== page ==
Oil pulling has grown as a trend for the past couple years, but it’s not new. The oral tradition is a type of Ayurvedic medicine that dates back 3,000 years, when it started (according to Wikipedia) as a treatment for health imbalances. It’s a simple move—swish oil in your mouth for 10 to 20 minutes before spitting it out is all you need to do—but it’s said to offer some pretty wide-ranging health benefits including detox, teeth whitening and boosting your immune system.
Curious to give it a try and see how it works for you? Here’s what you need to know to get started.
Why oil pull?
Studies have shown that oil pulling can be effective in helping to maintain and improve oral health, including preventing plaque-caused gingivitis and bad breath. There are die-hard oil-pullers out there who credit it as a potential cure-all for everything from migraines and allergies to and acne.
Nancy Guberti, a biomedical nutritionist and functional medicine specialist weighs in on this, confirming “coconut oil pulling works great for whitening the teeth but also acts as an anti-bacterial, anti-viral—meaning it works on detox, sinuses, strengthens gums, and teeth. Where we see it may not work is when one is not treating their gastrointestinal issues and are bloated from candida overgrowth, intestinal parasites and imbalance of good bacteria.”
So, oil pulling with antibacterial coconut oil can be helpful for your oral health and related functions, but it’s not necessarily going to go to work on processes like digestion. Though, in the way that improving your oral health will effect your overall health in a positive way, (you’re all one body and your processes are all connected), oil pulling is a supportive part of a health-maintenance routine.
How it works
Oils are lipophilic, which means that they naturally attract other oils. Fat-soluble toxins (toxins that have a fatty outside layer) come into contact with the oil and adhere to it. It’s also said that the prolonged mechanical action of swishing can help dislodge the bacteria and undigested particles from the deep crevices within the mouth. That’s how the oil we swish with goes from being clear to milky white—it’s now full of the bacteria it has drawn out with all that swishing.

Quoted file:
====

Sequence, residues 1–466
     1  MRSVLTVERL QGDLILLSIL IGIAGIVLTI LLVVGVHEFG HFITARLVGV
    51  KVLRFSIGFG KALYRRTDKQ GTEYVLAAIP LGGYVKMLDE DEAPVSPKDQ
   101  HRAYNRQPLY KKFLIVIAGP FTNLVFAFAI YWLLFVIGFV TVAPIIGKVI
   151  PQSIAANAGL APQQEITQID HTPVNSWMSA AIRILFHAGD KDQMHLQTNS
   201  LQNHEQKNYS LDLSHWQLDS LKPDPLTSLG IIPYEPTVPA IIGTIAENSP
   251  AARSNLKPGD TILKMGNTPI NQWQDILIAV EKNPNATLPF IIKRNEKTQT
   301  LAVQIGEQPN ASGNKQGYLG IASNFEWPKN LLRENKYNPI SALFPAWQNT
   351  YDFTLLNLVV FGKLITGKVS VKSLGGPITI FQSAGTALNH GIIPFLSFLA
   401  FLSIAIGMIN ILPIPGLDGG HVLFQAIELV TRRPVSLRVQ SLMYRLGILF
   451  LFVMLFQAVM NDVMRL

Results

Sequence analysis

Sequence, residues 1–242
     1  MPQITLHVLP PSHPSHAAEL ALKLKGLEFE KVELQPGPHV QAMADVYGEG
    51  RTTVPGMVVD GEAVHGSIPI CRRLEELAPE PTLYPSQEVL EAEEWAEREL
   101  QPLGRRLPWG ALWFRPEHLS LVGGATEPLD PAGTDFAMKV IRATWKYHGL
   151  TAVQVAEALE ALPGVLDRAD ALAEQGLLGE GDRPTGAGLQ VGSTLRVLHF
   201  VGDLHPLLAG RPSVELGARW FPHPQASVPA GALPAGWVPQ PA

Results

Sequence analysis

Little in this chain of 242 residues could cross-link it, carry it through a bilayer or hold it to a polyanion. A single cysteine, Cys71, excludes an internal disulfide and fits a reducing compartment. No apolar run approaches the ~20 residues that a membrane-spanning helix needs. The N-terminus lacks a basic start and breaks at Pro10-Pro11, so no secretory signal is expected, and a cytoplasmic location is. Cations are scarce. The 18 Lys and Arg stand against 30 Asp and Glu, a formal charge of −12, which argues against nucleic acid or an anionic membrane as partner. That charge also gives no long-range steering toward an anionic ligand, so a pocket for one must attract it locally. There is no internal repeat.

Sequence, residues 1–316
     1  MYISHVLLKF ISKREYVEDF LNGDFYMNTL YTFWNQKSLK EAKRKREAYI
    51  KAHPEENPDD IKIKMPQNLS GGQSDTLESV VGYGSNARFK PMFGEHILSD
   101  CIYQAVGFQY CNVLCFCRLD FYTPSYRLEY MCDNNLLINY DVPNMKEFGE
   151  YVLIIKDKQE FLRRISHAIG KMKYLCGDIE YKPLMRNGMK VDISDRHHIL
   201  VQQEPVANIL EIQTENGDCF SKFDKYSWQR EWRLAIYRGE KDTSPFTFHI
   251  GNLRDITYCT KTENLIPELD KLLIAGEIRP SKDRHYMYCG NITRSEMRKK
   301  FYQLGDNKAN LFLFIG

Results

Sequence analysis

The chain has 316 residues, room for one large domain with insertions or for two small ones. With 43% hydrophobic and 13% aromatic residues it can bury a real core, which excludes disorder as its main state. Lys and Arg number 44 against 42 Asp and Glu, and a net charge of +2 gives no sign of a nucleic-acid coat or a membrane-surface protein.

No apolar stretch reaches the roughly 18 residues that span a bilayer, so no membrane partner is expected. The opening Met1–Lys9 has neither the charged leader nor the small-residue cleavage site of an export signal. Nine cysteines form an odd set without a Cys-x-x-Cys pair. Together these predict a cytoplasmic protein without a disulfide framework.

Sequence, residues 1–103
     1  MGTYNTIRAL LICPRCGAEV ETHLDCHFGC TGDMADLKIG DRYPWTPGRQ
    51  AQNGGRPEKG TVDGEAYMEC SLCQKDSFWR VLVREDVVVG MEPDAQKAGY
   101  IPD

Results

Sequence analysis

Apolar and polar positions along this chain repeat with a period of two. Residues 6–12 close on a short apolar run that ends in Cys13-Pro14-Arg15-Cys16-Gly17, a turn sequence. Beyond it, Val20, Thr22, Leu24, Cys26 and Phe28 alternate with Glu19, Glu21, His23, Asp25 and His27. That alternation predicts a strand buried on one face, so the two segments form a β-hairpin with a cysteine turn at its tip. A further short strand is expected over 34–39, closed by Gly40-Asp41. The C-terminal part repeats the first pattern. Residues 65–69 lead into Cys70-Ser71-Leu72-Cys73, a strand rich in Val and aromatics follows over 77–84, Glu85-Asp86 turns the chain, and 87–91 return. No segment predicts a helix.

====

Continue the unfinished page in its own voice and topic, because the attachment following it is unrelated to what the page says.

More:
How to do it
The best time for oil pulling is said to be first thing in the morning on an empty stomach, before you brush your teeth. Take one tablespoon of oil into your mouth (traditionally sesame oil, coconut oil or ghee were used—the type of oil you want to use is up to you) and move it around your mouth, sucking and pulling through the teeth, for 10 to 20 minutes. If your jaw and cheeks get sore, you’re probably doing it too quickly— as with most homeopathic-style remedies, it’s all about relaxing and slowing down, rather than working for instant results.
Then, spit it out (into the garbage, not the sink, where it could clog things up) the oil is full of toxins, so don’t swallow it. The practice can be repeated up to three times a day, before meals on an empty stomach. Though, obviously, oil pulling at the office isn’t exactly doable. Oil pulling daily—or however often you want or can manage—is sufficient. This is a practice that needs to be done as a habit in order to achieve long-term results, but some people do say they noticed improvements after as little as two weeks. Every person is different. Give it a whirl and see how it works for you.